Inside Alaska Business
The ConocoPhillips Building’s days as Alaska’s tallest inhabited structure are numbered. A new control tower for Ted Stevens Anchorage International Airport will rise 4 feet taller, to more than 300 feet, twice as tall as the existing airport tower. The Federal Aviation Administration selected Stantec to provide architecture and engineering design services. The current tower was built in 1977 to accommodate only four air traffic controllers. An increase in aircraft movements since then created a need for more controllers, leading to overcrowding.
The former Sears warehouse near Midtown Anchorage has a new tenant. Amazon is setting up a sorting facility in the 88,000-square-foot building. Renovation is scheduled this spring. The warehouse has been vacant since Sears downsized in 2018, and last year it was purchased by Time Equities, Inc.
Advanced Supply Chain International
A subsidiary of Anchorage-based Advanced Supply Chain International (ASCI) won a $12.4 million contract to provide logistics service support for federal agencies, both civilian and military, in Alaska. ASCI has been providing supply chain and asset management consulting and services to commercial and government customers since 1999, but this is the company’s first federal contract. The one-year contract comes with four one-year extension options.
Enstar | Chugach Electric
For the last few years, Southcentral Alaska has burned more natural gas than is produced in Cook Inlet, drawing on stored resources. That fact has Enstar and Chugach Electric Association each hiring consultants to evaluate options for importing liquified natural gas. Enstar notified the Regulatory Commission of Alaska that the cost of the consultant might be tacked onto customer charges. |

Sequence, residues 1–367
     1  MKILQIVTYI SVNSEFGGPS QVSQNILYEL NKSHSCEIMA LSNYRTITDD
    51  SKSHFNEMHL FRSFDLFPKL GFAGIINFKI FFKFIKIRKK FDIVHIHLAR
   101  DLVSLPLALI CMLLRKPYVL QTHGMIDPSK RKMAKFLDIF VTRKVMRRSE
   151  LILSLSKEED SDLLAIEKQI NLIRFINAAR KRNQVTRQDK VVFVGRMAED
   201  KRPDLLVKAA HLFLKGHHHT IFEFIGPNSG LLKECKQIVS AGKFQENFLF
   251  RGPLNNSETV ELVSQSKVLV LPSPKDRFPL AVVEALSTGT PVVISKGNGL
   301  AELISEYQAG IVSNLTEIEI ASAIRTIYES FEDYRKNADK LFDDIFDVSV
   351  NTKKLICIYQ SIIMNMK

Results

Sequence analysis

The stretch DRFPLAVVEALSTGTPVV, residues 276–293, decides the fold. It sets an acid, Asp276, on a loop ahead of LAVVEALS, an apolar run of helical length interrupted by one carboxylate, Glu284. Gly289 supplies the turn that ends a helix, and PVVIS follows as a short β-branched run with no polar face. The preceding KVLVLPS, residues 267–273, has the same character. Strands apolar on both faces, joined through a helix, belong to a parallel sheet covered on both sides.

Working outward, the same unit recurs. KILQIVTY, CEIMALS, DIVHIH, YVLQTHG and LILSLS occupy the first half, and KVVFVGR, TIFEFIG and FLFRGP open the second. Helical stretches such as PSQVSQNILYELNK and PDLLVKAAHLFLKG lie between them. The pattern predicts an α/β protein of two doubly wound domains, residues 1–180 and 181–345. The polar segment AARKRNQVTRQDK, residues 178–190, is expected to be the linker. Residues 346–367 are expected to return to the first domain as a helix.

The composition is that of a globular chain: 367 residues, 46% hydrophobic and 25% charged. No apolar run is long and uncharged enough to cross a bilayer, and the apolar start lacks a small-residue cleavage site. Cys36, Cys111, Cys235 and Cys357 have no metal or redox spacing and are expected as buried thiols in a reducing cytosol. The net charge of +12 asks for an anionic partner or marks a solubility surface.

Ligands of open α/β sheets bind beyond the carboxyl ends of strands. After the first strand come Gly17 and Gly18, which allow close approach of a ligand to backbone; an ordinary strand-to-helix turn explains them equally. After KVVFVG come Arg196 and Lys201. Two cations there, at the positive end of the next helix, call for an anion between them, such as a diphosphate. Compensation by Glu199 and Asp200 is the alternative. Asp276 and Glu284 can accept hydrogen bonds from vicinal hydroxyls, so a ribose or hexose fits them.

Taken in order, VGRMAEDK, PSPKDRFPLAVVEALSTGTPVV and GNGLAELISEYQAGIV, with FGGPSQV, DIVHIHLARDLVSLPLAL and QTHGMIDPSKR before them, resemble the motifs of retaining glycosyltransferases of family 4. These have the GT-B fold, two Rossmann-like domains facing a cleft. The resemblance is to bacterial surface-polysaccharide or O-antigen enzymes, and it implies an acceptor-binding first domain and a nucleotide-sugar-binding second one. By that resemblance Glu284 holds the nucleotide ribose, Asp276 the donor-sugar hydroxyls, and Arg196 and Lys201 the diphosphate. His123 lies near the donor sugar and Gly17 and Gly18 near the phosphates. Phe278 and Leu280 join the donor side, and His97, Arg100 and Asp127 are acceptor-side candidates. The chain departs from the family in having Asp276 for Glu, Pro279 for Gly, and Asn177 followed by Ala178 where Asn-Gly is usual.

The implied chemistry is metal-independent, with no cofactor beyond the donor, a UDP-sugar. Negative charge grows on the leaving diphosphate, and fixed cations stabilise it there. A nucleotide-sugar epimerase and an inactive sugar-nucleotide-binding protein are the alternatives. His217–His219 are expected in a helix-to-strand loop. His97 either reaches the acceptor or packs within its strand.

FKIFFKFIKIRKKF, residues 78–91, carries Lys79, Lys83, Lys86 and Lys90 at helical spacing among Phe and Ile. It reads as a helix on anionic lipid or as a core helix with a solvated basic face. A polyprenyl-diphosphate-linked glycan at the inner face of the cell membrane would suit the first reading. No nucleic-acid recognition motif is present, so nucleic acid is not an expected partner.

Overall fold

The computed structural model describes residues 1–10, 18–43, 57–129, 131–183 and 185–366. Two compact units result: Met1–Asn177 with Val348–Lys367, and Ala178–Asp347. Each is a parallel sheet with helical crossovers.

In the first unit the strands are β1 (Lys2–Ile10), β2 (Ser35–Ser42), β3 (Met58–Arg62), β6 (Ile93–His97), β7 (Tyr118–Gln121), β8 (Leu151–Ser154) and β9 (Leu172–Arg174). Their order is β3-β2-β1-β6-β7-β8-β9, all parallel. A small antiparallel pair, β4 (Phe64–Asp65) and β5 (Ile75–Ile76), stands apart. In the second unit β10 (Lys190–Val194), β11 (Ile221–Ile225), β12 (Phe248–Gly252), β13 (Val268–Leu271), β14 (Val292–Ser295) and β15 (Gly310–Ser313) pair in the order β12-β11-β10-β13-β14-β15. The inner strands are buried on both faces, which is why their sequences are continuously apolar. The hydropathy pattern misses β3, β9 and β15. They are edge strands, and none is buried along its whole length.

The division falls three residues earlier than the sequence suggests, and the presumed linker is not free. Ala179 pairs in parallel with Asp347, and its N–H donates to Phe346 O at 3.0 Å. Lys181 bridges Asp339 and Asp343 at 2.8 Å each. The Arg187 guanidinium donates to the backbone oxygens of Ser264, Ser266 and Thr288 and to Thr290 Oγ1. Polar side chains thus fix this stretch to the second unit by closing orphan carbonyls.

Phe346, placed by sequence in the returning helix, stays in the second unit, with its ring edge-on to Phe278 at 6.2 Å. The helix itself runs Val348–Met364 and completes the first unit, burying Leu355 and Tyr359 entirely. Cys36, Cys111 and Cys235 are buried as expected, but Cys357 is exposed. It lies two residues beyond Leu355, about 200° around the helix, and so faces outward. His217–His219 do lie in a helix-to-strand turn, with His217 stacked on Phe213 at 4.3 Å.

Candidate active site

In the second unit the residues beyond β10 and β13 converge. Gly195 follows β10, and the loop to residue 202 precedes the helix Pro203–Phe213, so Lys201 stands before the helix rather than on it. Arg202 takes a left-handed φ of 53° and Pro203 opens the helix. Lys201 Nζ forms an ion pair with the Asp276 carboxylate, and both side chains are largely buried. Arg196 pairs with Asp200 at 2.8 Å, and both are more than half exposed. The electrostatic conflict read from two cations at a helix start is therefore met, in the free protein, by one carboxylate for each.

Alaska Renewables
A startup company is proposing the largest wind farm in Alaska yet. Alaska Renewables, formed two years ago by former UAF oceanographer Andrew McDonnell and engineer Matt Perkins of Nevada, has two subsidiaries pursuing projects in Southcentral and the Interior. Little Mount Susitna Wind would install up to eighty turbines near Tyonek, generating as much as 250 MW, ten times the size of the Eva Creek wind farm near Healy, currently the largest in the state.Shovel Creek Wind filed for permission from the state for a project near Murphy Dome, 20 miles northwest of Fairbanks, for at least sixty turbines generating 200 MW.
Northline Seafoods
Sitka-based Northline Seafoods secured funding to build a mobile commercial salmon processing platform for Bristol Bay. The vessel, named Hannah, will deep freeze whole fish from catcher vessels. At the end of the season, it will haul the load to Bellingham, Washington, for storage, reprocessing, and distribution. Northline Seafoods is refitting a disused barge hull with a $40 million federal loan and $22 million from Greater Commercial Lending. Hannah replaces Northline Seafoods’ previous processing barge that grounded in a windstorm in September 2020.
Great Harvest Bread Co.
The operator of one Great Harvest Bread Co. in Fairbanks opens a second location this month. Tricia Cray has owned her current Great Harvest Bakery and Café on College Road since 2012, and the franchise is doing so well that she is expanding to a former Pizza Hut about two miles away. The new shop includes a drive-through window. The Montana-based chain has franchises nationwide but only one other location in Alaska, at the Metro Mall in Midtown Anchorage.
McGinley’s Pub
Shut down since the start of the COVID-19 pandemic, McGinley’s Pub in downtown Anchorage reopens this month under a new name: Blarney Stone. One of the co-owners, Jack Lewis, says the atmosphere is even more Irish, and the space on G Street is being renovated with a new entrance. Lewis is the only co-owner remaining from the pub’s launch in 2007; others, including former mayor Dan Sullivan, left the partnership during the pandemic.